So with this week being National Map Reading Week (16-22 Oct 17) I thought I’d highlight the importance of such basic skills that seem to fading away with the rise of the machine (ok terminator references maybe a bit dramatic but you get my point). Being competent at navigation or map reading however you chose to describe it enables you to fully enjoy the world around you, escape the usual well signposted tourist paths and explore the mountains, woodland & moorland with confidence. Maps in their many different forms inspire adventure and give us all the information we need to plan and enjoy our journey. Used correctly we can enjoy childlike adventures and explore much more freely.
Why Use Maps in this day and age?
You don’t have to search hard online to find various reports on Mountain Rescue Teams (MRT) being called out to assist people off the hills due to geographical embarrassment after their mobile phones failed or died. The number of call outs of this nature is growing at an alarming rate and it’s not likely to slow down either; with our ever increasing reliance on technology and the decreasing age at which we start to become accustomed to it. Don’t get me wrong our wonderful little devices are amazing tools/aids to navigation and used correctly can get us out of some very sticky situations, but, and it’s a big but, they are far from infallible, even dedicated GPS devices fail at times.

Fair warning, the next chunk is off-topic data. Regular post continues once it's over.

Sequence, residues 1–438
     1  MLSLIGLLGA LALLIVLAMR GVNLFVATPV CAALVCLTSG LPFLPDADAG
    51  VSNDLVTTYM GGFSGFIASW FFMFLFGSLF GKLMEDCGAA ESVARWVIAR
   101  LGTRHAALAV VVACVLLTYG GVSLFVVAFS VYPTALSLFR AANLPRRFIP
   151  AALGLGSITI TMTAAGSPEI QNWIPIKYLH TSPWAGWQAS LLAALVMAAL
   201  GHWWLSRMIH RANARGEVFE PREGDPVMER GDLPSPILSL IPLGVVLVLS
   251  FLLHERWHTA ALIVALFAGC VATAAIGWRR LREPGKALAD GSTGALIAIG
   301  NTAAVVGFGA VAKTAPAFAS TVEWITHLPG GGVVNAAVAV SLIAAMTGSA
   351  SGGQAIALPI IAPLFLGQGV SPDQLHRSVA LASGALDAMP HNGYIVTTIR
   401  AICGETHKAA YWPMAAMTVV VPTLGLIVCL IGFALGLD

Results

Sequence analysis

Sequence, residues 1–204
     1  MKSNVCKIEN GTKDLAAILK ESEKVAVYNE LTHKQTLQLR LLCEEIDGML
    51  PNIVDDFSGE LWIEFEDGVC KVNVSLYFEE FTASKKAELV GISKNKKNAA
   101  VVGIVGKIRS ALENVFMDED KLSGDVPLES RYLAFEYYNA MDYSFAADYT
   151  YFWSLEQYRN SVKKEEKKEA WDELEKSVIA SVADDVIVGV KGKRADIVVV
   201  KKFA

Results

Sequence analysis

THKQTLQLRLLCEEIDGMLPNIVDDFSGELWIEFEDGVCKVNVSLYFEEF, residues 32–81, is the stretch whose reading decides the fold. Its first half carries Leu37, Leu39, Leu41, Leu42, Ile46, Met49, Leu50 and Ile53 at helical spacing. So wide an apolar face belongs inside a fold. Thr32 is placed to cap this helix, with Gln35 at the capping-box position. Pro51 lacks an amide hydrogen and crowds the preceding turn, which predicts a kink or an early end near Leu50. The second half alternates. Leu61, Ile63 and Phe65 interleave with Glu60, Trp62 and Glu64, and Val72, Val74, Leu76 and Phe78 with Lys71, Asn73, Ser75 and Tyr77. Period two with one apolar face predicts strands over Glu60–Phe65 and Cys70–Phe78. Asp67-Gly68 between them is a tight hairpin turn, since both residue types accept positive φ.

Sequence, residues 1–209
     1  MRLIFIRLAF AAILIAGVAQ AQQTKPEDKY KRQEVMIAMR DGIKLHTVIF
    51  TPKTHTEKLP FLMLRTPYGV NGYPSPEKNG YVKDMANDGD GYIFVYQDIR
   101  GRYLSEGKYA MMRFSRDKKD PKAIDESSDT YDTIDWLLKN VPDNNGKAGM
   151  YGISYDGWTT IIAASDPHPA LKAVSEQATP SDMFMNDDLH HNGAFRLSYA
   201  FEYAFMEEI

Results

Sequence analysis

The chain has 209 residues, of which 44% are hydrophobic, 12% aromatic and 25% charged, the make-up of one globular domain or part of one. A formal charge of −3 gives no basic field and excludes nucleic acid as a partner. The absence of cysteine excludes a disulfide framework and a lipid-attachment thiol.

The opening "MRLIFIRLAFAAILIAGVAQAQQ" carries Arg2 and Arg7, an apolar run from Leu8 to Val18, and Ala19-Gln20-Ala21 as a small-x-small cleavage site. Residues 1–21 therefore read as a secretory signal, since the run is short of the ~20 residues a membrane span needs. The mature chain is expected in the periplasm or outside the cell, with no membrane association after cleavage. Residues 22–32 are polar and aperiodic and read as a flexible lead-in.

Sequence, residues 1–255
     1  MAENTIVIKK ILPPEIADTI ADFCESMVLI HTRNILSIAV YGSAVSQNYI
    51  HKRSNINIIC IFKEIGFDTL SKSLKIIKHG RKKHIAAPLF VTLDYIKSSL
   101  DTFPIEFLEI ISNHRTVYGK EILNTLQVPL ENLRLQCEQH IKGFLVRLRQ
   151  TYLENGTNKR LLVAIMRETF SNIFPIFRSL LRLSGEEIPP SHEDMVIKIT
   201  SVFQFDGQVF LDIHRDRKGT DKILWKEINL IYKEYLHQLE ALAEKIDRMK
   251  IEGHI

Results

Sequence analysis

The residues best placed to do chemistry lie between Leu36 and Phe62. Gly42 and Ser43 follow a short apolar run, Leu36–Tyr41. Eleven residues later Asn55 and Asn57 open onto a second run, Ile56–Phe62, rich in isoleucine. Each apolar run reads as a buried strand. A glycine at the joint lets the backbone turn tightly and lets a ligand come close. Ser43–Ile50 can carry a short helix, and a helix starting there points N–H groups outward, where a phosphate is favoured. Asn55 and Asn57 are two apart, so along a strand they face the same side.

Advantages of Map & Compass
The use of a Map and Compass has many advantages over smartphones and GPS devices:
· They don’t rely on a signal or satellites.
· They don’t have batteries that run out.
· More fun to use.
· Provides a greater sense of achievement (when you get it right).
· You can relate map to ground and identify/appreciate the land around you much more, this isn’t so easy to see on a small screen.
· Amazing sense of adventure for children (and grownups).
· If you know how to use them correctly you’re less likely to do the walk of shame whilst being escorted by a MRT.
Advantages of Electronic Devices